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Valve loosens its grip on content control, now allowing any law abiding title on Steam

Valve’s content policy has been the subject of a lot of conversation over the years, with the firm often criticised for allowing one type of game to flourish, such as the recent school shooter simulator, while titles with sexual content seem to always have a target on their back. Well, now it seems that Valve is sick of being the one to make decisions, stating that it will allow all content unless it’s actually illegal.

Explaining the difficulty behind deciding whose game makes it onto the platform, Valve’s Erik Johnson explains in a blog post that the platform does scour each individual title flagged as controversial. Due to the team often butting heads and debating what title should pass its process, the inconsistency has created confusion among customers, developer partners and even Valve’s employees, causing the platform to re-evaluate its position.

“We've decided that the right approach is to allow everything onto the Steam Store, except for things that we decide are illegal, or straight up trolling,” explains Johnson. “Taking this approach allows us to focus less on trying to police what should be on Steam, and more on building those tools to give people control over what kinds of content they see.”

While Valve already has a host of tools implemented to cater recommendations to the user, its new tools will place control in the hands of the player, who will be able to override its algorithm in favour if vetoing an entire genre from being pushed towards them.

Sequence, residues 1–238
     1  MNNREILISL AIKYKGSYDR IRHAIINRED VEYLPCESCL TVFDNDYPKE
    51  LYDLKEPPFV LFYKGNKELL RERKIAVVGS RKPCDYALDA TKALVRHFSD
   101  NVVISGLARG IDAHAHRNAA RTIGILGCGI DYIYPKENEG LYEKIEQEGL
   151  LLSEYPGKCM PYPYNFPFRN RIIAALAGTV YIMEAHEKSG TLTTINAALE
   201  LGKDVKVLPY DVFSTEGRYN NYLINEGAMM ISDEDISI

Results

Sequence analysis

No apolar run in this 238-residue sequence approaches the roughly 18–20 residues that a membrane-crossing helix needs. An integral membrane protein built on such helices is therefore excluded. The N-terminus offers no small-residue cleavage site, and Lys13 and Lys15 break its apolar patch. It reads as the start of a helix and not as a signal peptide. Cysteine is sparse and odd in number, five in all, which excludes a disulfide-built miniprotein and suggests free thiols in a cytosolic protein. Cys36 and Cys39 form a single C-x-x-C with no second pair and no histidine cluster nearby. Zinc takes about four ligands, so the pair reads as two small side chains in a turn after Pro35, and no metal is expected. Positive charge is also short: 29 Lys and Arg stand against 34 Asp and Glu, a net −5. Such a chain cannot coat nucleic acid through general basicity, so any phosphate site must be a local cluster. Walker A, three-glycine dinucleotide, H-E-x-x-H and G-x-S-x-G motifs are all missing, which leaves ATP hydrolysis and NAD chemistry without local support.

“And it's not just players that need better tools either – developers who build controversial content shouldn't have to deal with harassment because their game exists, and we'll be building tools and options to support them too.”

Of course, Steam is a worldwide platform, meaning Valve has to handle many titles on a case-by-case basis in order to comply with the laws of specific countries. It will be pushing developers to do the leg work in order to determine what laws in what countries it might be violating during the submission process. Not only would the developer face potential legal action if these guidelines are not followed correctly, but Valve would terminate business with companies that don’t do so honestly.

“If you’re a developer of offensive games, this isn’t us siding with you against all the people you’re offending,” concludes Johnson. “There will be people throughout the Steam community who hate your games, and hope you fail to find an audience, and there will be people here at Valve who feel exactly the same way. However, offending someone shouldn’t take away your game’s voice. We believe you should be able to express yourself like everyone else, and to find others who want to play your game. But that’s it.”

KitGuru Says: While I commend the new angle Valve is taking in order to give developers a voice, it is concerning how this might impact on the quality of titles and whether opening the floodgates allows for more titles that could exploit users. For now, however, this change is centred around the type of content rather than the lack thereof, with Valve committed to user feedback. How do you feel about the changes?

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